Baby birds in winter sound climate change warning

Spring has arrived in January this year, providing another warning sign that the UK's climate is changing, according to the Royal Society for the Protection of Birds (RSPB).

A young family of song thrushes has been spotted in the middle of winter in Brighton, Sussex, earlier this week.

With his type of bird incubating their eggs for two weeks and the young then taking a further two weeks to fledge from the nest, RSPB spokesman Adrian Thomas said the mother must have laid her eggs in mid December.

"While one song thrush chick does not make a spring, this is exceptionally early and extremely unusual," he told edie.

Along with heavy snow, ground frost is the worst enemy of baby chicks, especially when it lasts all day long. Like other parts of southern England, Brighton is still waiting for its first frost of the winter.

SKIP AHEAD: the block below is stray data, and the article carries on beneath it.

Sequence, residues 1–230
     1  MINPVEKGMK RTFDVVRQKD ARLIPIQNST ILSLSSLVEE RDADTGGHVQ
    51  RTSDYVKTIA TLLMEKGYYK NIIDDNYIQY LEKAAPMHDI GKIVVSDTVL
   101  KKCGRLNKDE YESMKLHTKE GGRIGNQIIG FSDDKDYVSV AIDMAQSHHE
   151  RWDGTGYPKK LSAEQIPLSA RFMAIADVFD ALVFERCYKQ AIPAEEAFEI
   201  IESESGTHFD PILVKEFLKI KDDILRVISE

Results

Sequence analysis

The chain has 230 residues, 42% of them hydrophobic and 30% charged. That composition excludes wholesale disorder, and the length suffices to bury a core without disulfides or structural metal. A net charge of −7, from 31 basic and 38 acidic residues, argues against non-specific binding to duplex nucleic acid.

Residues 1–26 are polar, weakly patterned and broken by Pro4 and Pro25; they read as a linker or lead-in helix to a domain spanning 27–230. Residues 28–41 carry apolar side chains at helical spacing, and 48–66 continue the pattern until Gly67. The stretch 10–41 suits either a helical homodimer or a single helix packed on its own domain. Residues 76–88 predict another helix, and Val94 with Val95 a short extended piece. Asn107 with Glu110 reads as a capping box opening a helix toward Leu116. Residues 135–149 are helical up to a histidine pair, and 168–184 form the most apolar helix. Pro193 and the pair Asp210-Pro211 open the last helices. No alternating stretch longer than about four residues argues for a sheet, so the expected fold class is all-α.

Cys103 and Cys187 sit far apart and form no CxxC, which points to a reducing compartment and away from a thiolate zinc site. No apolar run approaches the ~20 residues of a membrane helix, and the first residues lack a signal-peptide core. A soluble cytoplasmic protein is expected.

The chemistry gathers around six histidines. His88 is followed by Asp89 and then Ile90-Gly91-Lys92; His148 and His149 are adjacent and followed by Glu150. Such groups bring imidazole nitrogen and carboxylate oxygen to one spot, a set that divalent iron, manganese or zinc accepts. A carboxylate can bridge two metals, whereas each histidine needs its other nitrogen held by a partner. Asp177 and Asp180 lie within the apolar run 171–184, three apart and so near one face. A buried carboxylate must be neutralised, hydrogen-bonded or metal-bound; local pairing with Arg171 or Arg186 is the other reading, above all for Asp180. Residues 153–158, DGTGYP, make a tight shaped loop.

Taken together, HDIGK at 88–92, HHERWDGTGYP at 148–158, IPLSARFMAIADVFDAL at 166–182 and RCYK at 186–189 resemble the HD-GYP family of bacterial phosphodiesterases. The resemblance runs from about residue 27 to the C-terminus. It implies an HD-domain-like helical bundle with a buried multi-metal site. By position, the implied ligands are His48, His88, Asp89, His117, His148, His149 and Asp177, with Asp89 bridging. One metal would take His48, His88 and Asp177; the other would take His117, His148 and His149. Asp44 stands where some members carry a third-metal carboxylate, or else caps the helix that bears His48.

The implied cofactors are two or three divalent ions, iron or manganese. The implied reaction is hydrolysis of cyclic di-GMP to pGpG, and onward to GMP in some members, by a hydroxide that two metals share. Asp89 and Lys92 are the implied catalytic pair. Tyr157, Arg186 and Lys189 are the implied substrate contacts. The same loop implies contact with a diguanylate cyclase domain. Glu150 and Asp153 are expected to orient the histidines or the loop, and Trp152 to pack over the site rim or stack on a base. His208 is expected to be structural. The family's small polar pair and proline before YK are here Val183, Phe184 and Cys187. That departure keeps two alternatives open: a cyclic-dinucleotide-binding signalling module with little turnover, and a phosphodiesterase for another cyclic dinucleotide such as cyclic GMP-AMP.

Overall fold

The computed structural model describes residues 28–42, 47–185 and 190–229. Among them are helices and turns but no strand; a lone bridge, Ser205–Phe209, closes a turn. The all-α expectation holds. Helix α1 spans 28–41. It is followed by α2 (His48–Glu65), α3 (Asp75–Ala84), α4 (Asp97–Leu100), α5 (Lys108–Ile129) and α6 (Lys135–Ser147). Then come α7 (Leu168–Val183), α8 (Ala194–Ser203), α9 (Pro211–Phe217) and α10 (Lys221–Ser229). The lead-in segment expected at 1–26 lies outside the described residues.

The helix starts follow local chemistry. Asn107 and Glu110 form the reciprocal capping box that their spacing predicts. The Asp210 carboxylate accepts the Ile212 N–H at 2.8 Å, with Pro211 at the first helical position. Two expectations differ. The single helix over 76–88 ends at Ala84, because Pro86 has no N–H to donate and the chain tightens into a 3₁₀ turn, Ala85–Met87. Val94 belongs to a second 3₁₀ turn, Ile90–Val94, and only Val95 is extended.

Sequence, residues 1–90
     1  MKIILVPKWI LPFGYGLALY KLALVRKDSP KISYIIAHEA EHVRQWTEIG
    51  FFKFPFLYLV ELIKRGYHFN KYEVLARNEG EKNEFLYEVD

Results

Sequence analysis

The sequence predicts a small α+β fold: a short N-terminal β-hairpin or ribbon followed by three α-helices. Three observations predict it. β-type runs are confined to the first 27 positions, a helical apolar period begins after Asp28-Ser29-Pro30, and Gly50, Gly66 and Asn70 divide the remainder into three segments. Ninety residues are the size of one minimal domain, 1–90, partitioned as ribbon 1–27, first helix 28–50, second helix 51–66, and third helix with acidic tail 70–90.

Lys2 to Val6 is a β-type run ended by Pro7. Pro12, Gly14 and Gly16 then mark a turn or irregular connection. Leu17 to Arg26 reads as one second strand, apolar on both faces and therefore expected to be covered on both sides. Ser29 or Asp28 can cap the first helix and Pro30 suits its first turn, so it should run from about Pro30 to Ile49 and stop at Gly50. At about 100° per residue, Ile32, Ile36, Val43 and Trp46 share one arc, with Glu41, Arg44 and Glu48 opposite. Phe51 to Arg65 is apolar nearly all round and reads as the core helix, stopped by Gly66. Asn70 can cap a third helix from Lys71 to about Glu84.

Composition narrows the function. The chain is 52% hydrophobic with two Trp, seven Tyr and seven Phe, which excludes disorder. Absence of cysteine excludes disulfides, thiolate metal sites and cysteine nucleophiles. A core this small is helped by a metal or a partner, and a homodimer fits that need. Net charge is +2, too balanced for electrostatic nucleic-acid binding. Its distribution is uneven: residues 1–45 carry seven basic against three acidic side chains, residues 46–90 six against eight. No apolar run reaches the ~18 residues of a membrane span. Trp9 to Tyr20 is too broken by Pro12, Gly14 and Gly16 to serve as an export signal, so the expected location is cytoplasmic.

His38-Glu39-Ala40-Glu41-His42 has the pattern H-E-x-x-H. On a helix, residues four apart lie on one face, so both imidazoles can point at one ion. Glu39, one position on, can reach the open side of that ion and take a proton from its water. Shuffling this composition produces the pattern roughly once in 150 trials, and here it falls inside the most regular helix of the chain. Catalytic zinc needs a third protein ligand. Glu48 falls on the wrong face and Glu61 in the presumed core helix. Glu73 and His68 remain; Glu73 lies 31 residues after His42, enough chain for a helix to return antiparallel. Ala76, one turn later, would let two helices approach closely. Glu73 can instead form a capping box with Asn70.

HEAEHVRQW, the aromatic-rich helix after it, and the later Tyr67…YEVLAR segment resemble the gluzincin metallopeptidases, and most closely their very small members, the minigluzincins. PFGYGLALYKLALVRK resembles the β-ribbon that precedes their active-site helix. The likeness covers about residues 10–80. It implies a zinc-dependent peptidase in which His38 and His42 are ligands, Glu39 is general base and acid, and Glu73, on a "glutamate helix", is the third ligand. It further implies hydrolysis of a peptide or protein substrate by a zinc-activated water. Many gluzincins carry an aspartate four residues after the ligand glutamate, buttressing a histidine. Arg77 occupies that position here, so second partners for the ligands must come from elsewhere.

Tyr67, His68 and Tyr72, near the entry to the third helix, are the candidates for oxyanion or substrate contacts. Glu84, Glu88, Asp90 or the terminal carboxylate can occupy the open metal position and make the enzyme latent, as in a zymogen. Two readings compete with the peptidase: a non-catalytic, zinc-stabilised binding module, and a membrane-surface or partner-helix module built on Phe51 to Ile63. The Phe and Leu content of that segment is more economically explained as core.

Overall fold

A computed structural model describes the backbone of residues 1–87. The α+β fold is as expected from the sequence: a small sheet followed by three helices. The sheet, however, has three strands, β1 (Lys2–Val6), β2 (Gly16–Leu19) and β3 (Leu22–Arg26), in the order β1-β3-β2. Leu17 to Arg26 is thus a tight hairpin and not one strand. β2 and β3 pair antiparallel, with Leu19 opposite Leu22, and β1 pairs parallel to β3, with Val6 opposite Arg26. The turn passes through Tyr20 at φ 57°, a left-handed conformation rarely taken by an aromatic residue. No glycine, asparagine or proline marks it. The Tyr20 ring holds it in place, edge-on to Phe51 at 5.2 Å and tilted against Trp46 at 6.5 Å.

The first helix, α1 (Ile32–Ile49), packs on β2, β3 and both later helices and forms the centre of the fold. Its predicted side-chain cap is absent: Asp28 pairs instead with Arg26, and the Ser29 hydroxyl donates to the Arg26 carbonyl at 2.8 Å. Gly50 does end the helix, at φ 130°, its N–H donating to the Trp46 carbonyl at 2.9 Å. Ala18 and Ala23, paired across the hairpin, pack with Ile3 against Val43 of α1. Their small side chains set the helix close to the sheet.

Mr Thomas said that the mild weather over the winter would explain why the birds had been prompted to breed early - possibly another sign of climate change.

"There is no way we can say for certain from one set of chicks," he commented. "But birds are one of the sensitive natural barometers for the state of our climate, and various indicators show that spring is about two weeks earlier than it was 30 years ago."

This change would be in line with reports from top world scientists last year that the world's climate will continue to get hotter if more is not done to stop global warming (see related story).

"The RSPB sees climate change as one of the biggest challenges facing wildlife across the globe," Mr Thomas concluded. "It has been estimated that up to one third of plant and animal species on land could be on the road to extinction within 50 years because of global warming."

By Jane Kettle



Waste & resource management
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